By Ross Kelly in Perth, David Winning in Sydney
Wall Street Journal
April 3, 2014
The Australian head of the international search for Malaysia Airlines Flight 370 has called the operation one of the “most challenging” he has ever seen.
As the chances dim for finding Malaysia Airlines 370’s “black box” flight recorders before the batteries in their locator beacons run out, Malaysian and Australian leaders sought to inject new momentum into a search of the southern Indian Ocean that has yet to find plane wreckage.
Malaysian Prime Minister Najib Razak met aircrews involved in the multinational search for Flight 370 at Pearce air base, near Perth, on Thursday. The visit is Mr. Najib’s first to Australia since the focus of the search swung abruptly to the southern Indian Ocean on March 20, based on satellite images of possible plane debris. So far, nothing related to the missing plane has been found.
Malaysian investigators still believe Flight 370 crashed in the ocean when it ran out of fuel—thousands of kilometers from the nearest airport—hours after disappearing from civilian radar on March 8 with 239 passengers and crew on board.
“The search area is vast and conditions are not easy, but the new refined search area has given us new hope,” Mr. Najib told reporters.
But with uncertainty persisting about whether it is the right area, investigators from five countries, including the U.S. and China, are continuing to analyze satellite and communications data that shed light on how the plane was traveling, including its speed and altitude.
Australian Prime Minister Tony Abbott on Thursday described the search as possibly the most difficult in human history and reiterated that there was no certainty of a breakthrough.
“On the basis of just small pieces of information, we are putting the jigsaw together,” he said. “Every day we have a higher degree of confidence that we know more about what happened to this ill-fated flight.”
On Thursday, 10 aircraft and nine ships were dispatched to the search area, which lies some 1,680 kilometers (about 1,000 miles) northwest of Perth, to look for wreckage and drop marker buoys that can help authorities understand the impact of ocean currents in dispersing any plane debris. The area largely overlaps the one scoured fruitlessly by aircrews and ships the previous day.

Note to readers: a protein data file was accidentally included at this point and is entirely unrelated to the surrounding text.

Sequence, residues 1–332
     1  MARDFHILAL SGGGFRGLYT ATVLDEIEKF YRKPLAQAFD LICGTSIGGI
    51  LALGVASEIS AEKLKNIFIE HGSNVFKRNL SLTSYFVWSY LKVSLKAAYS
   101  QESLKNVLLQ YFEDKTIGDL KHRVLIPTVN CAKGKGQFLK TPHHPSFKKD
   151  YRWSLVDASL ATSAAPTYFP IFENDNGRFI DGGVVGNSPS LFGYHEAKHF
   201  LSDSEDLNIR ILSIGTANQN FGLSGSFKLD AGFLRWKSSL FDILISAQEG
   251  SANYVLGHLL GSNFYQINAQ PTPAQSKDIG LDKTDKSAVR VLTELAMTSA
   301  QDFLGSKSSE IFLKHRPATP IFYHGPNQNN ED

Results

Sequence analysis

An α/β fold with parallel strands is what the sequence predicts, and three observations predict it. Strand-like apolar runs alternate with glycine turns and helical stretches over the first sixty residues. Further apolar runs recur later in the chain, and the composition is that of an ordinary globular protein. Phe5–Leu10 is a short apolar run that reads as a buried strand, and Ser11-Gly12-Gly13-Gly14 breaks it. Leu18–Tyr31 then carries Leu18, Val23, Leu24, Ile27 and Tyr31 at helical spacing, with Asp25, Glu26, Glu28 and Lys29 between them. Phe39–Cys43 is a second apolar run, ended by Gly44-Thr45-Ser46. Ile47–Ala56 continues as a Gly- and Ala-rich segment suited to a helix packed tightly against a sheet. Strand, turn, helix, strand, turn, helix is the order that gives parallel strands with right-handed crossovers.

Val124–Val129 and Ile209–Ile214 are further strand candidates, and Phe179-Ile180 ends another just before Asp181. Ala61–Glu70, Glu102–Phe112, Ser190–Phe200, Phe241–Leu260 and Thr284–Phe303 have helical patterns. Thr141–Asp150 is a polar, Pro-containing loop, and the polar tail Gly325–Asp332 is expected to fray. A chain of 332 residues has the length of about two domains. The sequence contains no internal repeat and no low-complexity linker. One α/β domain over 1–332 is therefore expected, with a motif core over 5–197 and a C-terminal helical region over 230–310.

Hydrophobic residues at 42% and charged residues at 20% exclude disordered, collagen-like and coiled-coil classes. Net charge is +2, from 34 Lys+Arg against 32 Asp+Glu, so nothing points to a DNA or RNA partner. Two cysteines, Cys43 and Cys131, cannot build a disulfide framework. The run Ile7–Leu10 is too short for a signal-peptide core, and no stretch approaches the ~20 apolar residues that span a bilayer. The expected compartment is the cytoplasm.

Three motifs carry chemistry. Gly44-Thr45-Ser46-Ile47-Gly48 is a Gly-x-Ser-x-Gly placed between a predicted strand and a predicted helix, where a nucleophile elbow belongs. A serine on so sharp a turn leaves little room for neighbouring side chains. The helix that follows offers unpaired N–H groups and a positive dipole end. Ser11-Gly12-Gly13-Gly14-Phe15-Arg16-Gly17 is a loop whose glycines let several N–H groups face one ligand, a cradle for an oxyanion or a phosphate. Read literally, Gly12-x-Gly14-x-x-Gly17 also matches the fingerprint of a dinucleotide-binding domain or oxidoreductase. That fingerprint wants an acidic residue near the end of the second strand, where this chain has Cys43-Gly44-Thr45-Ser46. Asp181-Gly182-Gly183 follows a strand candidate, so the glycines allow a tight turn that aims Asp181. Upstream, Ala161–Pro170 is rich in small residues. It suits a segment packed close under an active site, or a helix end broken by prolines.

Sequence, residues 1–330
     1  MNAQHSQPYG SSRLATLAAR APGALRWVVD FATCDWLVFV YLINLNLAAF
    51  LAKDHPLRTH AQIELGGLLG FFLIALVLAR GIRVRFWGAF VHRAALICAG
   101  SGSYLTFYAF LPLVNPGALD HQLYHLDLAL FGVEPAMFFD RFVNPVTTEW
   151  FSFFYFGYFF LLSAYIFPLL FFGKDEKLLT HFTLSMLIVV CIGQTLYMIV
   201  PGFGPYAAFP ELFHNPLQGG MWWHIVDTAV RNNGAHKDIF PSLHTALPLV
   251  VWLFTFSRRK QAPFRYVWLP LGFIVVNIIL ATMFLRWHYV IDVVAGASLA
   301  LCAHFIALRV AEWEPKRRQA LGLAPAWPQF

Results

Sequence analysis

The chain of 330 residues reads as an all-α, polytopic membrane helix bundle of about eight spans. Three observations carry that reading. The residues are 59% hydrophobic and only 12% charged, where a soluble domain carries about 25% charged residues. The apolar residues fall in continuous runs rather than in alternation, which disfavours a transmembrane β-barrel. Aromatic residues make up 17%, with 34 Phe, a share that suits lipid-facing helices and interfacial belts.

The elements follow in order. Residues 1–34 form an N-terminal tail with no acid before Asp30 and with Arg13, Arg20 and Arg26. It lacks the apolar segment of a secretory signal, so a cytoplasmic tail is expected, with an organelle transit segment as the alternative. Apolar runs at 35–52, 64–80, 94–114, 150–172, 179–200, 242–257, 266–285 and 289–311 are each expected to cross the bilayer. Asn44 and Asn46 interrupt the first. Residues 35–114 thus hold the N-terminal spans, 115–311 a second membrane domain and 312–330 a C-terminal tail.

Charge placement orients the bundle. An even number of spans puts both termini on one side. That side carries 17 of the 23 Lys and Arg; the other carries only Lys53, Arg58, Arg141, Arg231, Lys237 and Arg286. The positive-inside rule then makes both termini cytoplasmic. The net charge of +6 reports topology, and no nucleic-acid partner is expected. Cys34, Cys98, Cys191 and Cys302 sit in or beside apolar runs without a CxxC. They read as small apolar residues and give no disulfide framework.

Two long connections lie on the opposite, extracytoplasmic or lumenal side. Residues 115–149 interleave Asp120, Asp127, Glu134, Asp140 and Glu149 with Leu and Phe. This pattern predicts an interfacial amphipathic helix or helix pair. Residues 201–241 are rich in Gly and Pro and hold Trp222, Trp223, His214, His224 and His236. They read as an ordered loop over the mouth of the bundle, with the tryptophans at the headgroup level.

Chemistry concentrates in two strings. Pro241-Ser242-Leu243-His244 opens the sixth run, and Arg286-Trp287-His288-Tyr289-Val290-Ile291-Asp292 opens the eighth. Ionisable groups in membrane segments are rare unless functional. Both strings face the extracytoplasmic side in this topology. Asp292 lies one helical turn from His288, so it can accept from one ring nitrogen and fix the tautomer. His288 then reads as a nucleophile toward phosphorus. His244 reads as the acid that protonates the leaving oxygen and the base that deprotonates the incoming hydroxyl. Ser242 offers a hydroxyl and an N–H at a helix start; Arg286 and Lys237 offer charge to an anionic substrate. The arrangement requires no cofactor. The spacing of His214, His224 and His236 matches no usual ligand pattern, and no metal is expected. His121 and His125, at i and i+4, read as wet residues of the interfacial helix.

Authorities said late Thursday that no new objects had been spotted.
Now in its fourth week, the hunt for Flight 370 has yielded only unrelated scraps of junk. The current search area is in a part of the ocean where currents frequently bring together floating garbage.
This week, the search was joined by a U.K. military submarine equipped to detect signals from the flight-data and cockpit-voice recorders, whose beacons could run out of power as soon as this weekend. The HMS Tireless bolsters the capabilities of the multinational team, which has been relying on a combination of satellite images, radar data and crews scanning through aircraft windows to search an area the size of Italy for floating debris.
The nuclear-powered submarine, built for the Royal Navy as a Cold War attack vehicle, has equipment on board that may help it to pinpoint signals from Flight 370’s recorders. It could also be used to search for aircraft wreckage along the largely undisturbed seabed, a spokeswoman for the U.K.’s defense ministry said.
Peter Jennings, a defense expert at the Australian Strategic Policy Institute, said submarines are of limited use in deep-water searches, though. Most are designed to operate in less than a kilometer (0.6 miles) of water. Depths in the current search area are estimated at up to four times that.
The best hope, he said, lies with sonar systems towed by ships, such as a U.S. Navy black-box locator that left Perth aboard the Australian navy vessel Ocean Shield Monday night.
But Ocean Shield, built to operate in Antarctic weather, isn’t expected to arrive in the search area before April 5—as little as two days the locator-beacon batteries, which have an estimated life of 30 days, expire.
—Rachel Pannett in Sydney contributed to this article.